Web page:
Hush (DVD)

Road to hell…

Bit part actor, sometime screenwriter and former Radio 1 DJ Mark Tonderai makes his directorial debut with the small but well-formed British thriller Hush, which makes a routine trip on the M1 even more hellish than usual. Tonderai also wrote the film, which sees wannabe-writer Zakes (William Ash) and his girlfriend Beth (Christine Bottomley) passing their long night-time journey by arguing about the state of their relationship.

Their bickering is forgotten, however, when Zakes spots that the rear panel of a truck in front of them is open – and there is a naked, chained woman inside. The pair phone the police and stop at a service station for a restorative coffee, still fighting about whether they have done enough to help. After Beth storms off, Zakes waits for her in the car – only to make the horrifying discovery that this nightmare has just turned personal, and that his fate will be decided before the sun comes up…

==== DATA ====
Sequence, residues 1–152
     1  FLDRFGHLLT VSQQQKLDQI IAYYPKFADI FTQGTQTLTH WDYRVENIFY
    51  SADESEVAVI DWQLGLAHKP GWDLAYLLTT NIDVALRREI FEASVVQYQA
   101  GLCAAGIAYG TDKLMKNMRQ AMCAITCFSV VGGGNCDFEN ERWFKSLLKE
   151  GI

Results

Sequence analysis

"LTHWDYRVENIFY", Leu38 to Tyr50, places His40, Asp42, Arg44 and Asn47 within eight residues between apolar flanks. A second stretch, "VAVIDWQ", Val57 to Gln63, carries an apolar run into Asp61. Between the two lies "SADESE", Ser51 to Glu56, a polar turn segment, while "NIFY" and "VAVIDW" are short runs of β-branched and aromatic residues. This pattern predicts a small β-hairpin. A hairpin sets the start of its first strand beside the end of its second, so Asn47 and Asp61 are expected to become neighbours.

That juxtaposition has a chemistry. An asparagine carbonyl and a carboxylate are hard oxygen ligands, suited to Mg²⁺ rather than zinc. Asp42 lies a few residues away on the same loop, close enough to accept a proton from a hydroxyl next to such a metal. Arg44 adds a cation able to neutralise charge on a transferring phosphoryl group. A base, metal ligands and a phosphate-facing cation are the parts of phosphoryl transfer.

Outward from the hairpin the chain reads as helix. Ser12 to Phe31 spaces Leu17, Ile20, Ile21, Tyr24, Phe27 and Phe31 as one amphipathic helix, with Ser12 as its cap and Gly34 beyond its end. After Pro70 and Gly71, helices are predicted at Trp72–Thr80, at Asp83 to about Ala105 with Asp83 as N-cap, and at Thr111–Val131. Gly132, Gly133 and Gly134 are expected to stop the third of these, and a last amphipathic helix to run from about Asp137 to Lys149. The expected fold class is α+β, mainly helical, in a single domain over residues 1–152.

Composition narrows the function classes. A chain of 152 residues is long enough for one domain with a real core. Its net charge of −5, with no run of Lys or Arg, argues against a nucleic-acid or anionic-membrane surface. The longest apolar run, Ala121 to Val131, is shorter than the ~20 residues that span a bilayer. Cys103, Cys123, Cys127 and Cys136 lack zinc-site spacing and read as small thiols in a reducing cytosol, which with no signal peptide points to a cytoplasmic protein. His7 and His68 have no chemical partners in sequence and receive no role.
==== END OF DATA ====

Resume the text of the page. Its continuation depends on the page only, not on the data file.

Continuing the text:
Hush’s initial strength lies in it’s ‘horror of the normal’ aesthetic; under DoP Philipp Blaubach’s shadowy camera everyday locations – motorways, slip-roads, service stations – become menacing places where there is considerably more evil lurking than just a £5 cup of weak coffee. This creepy atmosphere permeates the whole film, and believable leading man Ash fits well within it, playing Zakes with a mixture of cocky disbelief, resolute responsibility and genuine terror as he realises exactly what he’s stumbled into.

And as the story plays out, with some interesting, twists and turns along the way, there are moments that require maximum suspension of disbelief, as Zakes makes one wild decision after another. But the fast-paced editing, emotive score and genuinely scary look at the UK’s secret underbelly keep the story moving forward at a breathless pace, and Hush becomes a tight little thriller that waves the flag for British horror. 4 stars

Extra Features
Tonderai provides a commentary, plus there’s interviews, deleted scenes and making of featurettes. 3 stars

Stars William Ash, Christine Bottomley
Director Mark Tonderai
Distributor Optimum Home Entertainment
Format DVD & Blu-ray
Released July 20